contribution to taxes, investment And philanthropy.

This report focuses on the bank lending sector’s product Development and
delivery business function, and through this explores corporate understanding
And accountability of banks. As for all sectors, there is less data on product-
related impacts than other for other aspects of business activity, which is a critical
impact area for banks.

This study explores whether and how banks understand and manage the
economic impacts of their products – through product development, use and
delivery of loan products – on the communities that use them. This relates to
both production-side economic impacts and consumption side product-related
economic impacts. Production-side impacts might include the operations of bank
branches, and might include employment, sourcing from local suppliers and
environmental impacts. While the impact of these activities is important, the most
significant economic impacts are likely to accrue to customers and the wider
economy. Consumption-side economic impacts relate directly to the access to
finance debate, as well as questions that have arisen over who banks lend to and
for what type of economic activity. Most attention on banks in this area has
focused on project finance for large and environmentally sensitive projects.
Access to finance refers to the lack of availability of finance to specific
communities. These issues have largely defined the corporate responsibility of
banks in the eyes of some major stakeholders.

4
This report explores how some banks understand and account for their economic
contribution to society. For some, economic impact management is already an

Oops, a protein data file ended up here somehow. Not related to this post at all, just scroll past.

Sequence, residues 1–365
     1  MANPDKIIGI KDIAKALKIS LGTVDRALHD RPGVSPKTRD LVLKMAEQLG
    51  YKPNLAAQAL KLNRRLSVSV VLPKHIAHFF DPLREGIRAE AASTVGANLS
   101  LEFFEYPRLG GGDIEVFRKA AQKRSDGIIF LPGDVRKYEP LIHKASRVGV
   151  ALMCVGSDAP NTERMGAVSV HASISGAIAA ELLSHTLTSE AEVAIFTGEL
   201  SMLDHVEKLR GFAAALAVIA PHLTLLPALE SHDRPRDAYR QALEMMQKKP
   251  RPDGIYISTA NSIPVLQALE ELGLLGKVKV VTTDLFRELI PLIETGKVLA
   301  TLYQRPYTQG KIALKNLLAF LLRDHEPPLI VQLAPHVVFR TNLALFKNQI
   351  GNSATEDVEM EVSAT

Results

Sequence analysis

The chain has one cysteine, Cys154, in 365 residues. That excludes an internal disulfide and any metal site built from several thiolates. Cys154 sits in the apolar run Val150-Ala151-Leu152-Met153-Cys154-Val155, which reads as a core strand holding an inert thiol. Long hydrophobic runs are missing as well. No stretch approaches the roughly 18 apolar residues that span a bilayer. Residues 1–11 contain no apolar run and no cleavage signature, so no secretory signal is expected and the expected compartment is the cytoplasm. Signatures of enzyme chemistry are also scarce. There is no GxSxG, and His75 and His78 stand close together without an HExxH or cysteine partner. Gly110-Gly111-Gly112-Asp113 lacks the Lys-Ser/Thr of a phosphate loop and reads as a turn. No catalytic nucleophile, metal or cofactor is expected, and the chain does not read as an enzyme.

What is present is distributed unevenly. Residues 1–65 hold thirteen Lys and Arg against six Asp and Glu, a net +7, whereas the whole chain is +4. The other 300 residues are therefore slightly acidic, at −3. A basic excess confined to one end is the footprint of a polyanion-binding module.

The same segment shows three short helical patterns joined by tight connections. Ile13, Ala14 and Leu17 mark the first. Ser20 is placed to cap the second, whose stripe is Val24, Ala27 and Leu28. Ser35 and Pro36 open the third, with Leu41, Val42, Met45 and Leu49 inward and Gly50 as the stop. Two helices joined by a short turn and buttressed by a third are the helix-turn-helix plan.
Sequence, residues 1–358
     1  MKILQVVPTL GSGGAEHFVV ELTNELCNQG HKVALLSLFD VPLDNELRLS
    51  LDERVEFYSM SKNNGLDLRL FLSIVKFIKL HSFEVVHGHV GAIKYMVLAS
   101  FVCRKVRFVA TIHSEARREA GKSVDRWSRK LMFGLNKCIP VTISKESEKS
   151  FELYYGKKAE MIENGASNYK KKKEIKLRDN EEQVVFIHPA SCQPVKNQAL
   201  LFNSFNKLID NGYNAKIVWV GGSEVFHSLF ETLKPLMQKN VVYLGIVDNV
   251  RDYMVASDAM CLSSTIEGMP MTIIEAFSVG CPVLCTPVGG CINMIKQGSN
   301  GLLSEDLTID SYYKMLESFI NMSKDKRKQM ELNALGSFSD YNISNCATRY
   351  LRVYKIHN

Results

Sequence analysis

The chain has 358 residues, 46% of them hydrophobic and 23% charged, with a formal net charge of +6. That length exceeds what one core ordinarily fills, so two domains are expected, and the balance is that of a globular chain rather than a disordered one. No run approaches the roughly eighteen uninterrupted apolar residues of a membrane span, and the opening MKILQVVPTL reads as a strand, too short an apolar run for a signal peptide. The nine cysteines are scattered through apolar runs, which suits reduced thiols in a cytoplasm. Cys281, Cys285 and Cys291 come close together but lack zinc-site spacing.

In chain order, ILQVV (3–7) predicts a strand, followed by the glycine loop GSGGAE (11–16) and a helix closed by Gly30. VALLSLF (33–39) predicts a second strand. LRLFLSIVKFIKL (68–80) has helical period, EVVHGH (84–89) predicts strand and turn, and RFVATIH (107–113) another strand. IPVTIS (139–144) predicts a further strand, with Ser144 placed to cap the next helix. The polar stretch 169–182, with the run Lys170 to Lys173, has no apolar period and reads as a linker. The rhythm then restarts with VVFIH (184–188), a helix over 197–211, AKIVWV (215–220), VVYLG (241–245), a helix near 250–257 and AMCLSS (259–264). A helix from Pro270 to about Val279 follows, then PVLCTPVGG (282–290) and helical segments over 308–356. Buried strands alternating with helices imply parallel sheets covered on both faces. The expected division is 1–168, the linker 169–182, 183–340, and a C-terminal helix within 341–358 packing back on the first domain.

important internal management tool and stakeholder engagement platform. For
others, the value of managing economic impact is clear, but the challenge is
finding ways to do it. Ideally, corporate management of economic impact allows
company to better inform and engage stakeholders on the broader debate on the
role of the sector in society.

The report examines what sustainability principles and standards mainstream


banks have adopted around the world, and the extent to which those standards
capture the most significant potential economic impacts of bank lending. The
report sets out some of the key framework issues and players driving banks to
consider sustainability issues

5
Project Objective

“Study to reduce the end-to-end Turn around Time in the two-


wheeler loan processing“

Problem Identification

• Customers

Time becomes the most important aspect looked over by the customer with the
changing life style, especially if we talk about service industry, its importance
increases by many folds and same applies to TW Loans also. As soon as
customer walks down at the dealer points he doesn’t wish to even waste a single
minute to get the vehicle financed and with the Multi National NBFC’s entering in
Indian Markets, importance of TAT increases even more.

• Dealer

They employ huge capital, mainly raised from Banks and interest cost is involved
so there have to be faster payments of loan amounts so that there money is
rotated in the best and cost-effective direction and he is able to fund his vehicles
and get the payouts received from banks according to the no. of vehicle sold.

• Banks

Service industry requires a lot of customer focus as customer is also involved in